Is it good to hide url bar from Mobile websites?

By default it shows. but there are some JavaScript tricks which can hide the bar on page load. but user can get back by dragging from top.

For a Mobile Website (not mobile web apps) should we hide this or keep this?

The only benefit I see is that it will give some extra space 20px on screen

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  • Isn't this only true for iPhone? Android versions (at least the later ones) auto-hide the location bar.
    – kastark
    Commented Jan 28, 2013 at 12:21

4 Answers 4


Personally, I would like to have the extra screen real estate, as long as I could easily get it back.

The main issue with hiding the address bar is how people will learn that they can make it accessible again.

You could hide the address bar and still show a small tab on the top right (possible with an icon) that indicates that the something can be dragged down.

I would try a stepwise introduction:

  1. The first three times a user uses the app (or opens a page), show the address bar and hide it after a certain time interval (e.g. 5 seconds). Leave a tab visible that shows an icon followed by some text (e.g. "drag down for address bar").
  2. After another couple uses, immediately hide the address bar and only show the tab with icon and text.
  3. After another couple uses, still hide the address bar immediately and show the tab, but now only the icon.
  4. Optionally, after another couple uses, you could possible even hide the tab, but having no indication for dragging anymore sounds a bit drastic.

To fine-tune the steps (are all steps really needed, after how many uses should you go to the next step, etc.), do some user testing.

  • Have to disagree here - hacking away the operating system / browser default user interface should never be considered a user friendly solution. If anything, submit a feature request to Apple.
    – kontur
    Commented Jan 28, 2013 at 12:05
  • Consistency is arguably more important than just taking away the URL bar entirely right from the start. I'd get confused when websites do new things after a trivial number of visits. If you think it is important to involve the end-user in this, I'd make it a user-setting of sorts: "Hide the URL bar on your next visit? [Yes] or [No]".
    – MHD
    Commented Jan 28, 2013 at 14:58

I got an LG Optimus 2x with Android. When I read this question I actually thought the url-bar was hidden on all webpages. I just tested on a few websites and that was not the case.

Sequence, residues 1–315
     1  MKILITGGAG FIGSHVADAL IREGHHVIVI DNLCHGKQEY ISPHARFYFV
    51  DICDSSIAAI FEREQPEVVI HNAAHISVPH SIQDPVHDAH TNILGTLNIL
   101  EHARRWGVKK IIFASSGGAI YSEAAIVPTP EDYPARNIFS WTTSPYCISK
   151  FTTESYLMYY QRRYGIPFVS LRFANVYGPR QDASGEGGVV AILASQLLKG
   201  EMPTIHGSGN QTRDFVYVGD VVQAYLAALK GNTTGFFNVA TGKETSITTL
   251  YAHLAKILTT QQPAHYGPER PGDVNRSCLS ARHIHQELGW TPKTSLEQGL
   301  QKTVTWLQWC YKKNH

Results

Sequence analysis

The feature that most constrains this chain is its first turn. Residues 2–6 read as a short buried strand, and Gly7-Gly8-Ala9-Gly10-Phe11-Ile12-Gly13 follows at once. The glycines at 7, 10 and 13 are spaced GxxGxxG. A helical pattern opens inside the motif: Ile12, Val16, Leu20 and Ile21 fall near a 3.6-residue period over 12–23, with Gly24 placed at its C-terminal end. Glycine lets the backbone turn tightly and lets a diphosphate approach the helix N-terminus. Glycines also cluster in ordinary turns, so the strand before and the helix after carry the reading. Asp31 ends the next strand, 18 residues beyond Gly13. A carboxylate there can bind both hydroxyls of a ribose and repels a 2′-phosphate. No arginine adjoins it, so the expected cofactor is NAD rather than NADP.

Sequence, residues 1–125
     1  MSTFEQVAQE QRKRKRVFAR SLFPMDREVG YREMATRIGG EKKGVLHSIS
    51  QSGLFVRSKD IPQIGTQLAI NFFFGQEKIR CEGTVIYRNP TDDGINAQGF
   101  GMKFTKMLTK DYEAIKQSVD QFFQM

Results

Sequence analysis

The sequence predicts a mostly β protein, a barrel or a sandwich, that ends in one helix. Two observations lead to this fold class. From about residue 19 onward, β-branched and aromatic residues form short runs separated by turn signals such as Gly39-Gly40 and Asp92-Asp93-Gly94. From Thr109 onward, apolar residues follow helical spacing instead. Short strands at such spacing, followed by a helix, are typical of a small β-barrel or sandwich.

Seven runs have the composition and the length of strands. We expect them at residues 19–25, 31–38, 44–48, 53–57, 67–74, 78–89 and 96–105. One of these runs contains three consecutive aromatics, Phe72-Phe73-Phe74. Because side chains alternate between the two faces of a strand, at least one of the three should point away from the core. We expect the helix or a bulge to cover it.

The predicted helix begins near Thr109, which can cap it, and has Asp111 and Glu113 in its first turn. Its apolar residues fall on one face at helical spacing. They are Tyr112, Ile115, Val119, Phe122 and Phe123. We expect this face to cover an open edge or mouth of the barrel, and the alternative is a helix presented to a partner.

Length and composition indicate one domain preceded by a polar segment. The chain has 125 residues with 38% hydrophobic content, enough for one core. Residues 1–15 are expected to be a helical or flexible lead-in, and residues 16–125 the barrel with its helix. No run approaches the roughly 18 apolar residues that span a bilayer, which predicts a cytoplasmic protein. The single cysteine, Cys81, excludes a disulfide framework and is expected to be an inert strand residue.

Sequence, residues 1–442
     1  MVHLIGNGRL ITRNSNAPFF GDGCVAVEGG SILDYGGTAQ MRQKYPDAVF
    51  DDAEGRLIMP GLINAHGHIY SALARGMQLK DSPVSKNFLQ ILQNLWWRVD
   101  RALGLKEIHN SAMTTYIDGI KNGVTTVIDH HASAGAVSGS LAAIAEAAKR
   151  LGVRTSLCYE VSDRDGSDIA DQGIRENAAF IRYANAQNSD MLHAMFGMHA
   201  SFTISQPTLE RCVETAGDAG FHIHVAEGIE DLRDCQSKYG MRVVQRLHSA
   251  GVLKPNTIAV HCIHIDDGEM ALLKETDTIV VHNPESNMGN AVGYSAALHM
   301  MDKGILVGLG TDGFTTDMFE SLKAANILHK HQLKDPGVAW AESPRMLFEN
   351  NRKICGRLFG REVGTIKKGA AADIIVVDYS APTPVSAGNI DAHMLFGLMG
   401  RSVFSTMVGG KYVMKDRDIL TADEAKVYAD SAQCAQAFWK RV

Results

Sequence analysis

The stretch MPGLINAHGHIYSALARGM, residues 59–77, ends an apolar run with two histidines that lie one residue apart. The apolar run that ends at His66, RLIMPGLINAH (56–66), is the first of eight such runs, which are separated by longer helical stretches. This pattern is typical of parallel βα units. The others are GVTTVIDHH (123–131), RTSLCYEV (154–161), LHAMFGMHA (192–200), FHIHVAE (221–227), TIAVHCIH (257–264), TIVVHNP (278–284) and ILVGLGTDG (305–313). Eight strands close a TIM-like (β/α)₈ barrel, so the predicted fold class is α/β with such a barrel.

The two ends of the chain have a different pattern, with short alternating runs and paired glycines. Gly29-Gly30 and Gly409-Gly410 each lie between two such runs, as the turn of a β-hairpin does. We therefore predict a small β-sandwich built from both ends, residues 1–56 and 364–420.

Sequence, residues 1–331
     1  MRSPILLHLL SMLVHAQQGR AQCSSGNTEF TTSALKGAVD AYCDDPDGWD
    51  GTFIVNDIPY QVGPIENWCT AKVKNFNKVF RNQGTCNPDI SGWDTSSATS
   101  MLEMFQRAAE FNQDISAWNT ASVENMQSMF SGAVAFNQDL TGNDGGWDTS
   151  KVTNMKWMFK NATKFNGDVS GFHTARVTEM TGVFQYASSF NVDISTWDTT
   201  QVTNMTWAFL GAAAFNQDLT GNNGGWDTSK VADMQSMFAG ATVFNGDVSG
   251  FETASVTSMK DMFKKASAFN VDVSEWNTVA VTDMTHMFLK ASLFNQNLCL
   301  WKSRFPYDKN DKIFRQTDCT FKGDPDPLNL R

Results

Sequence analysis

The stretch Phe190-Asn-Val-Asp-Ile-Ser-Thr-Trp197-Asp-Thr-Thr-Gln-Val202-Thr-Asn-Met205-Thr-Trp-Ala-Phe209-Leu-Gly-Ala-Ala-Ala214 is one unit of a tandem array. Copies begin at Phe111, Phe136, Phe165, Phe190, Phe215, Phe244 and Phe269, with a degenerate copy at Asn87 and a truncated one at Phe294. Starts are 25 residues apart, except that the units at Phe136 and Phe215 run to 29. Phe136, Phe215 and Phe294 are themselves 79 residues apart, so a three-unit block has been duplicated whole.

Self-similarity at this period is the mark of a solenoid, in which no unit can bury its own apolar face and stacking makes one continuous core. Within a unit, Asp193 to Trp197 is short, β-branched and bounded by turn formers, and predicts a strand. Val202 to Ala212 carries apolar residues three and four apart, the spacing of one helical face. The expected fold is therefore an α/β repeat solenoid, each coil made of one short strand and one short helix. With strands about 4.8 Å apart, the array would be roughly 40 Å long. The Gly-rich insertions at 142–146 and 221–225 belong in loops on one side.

I like when the url is hidden. If you visit a webpage you want to see the page, not the url.

We all know that the url is in the top. Where else should it be? Even when using a computer its on the top of the browser. I dont think anyone wouldnt be able to find it.

Besides I just checked Google from my phone. They hide the url too. When some of the most visited websites like google use it the users should be used to it.


The URL bar is the main clue to users for identifing where they are - hiding it will potentially make the experience confusing or even leave a negative impression - i.e. "Why is the website taking over my browser? Is this a fraudulent website that hides the address bar?"

Hacking away operating system or browser defaults via some "clever" technique is hardly ever good usability. @FlorescuAdrian mentioned visual and technical inconsistencies in his reply, but even more sever is the general disregard for the user's preference and browsing environment.

This technique is similar to automatically opening popups, jumping to fullscreen mode or playing loud music without this being based on user interaction - this is a disruptive intrusion into the browsing experience of users and should be avoided.

Just because some designers / developers use this hack to get the badly craved screen real estate, it is by no means a good practice. If the device software producer would have thought it a good idea for any website to impact an part this essential to the browsing experience, there would be native APIs for accessing such a feature.

  • But on mobile, most URLs can't be fully read anyway. I've found them to be a nuisance more often than not, and that's a flaw in mobile browsers; they should've shown the end of the URL, rather than always the beginning, which most often doesn't change at all.
    – MHD
    Commented Jan 28, 2013 at 14:55

I am a Front End Developer and in the last month I did some testing on a lot of ecommerce websites.

One of the most annoying things is the flickering of the screen when the bar is force-hidden. Ex: www.asos.com, www.macys.com, www.target.com etc...

I really hate when that happens. Makes me tap on the wrong button because of the scroll repositioning most of the times.

I think we should leave the address bar be handled by the browser. This way at least it will be consistent with all websites and the address bar is hidden anyways when you scroll down so I don't see a good reason yet.

  • Do you mean tones of ecommerce websites or tons of ecommerce websites? Agree with you on flickering and other user experience impairments.
    – kontur
    Commented Jan 28, 2013 at 12:07

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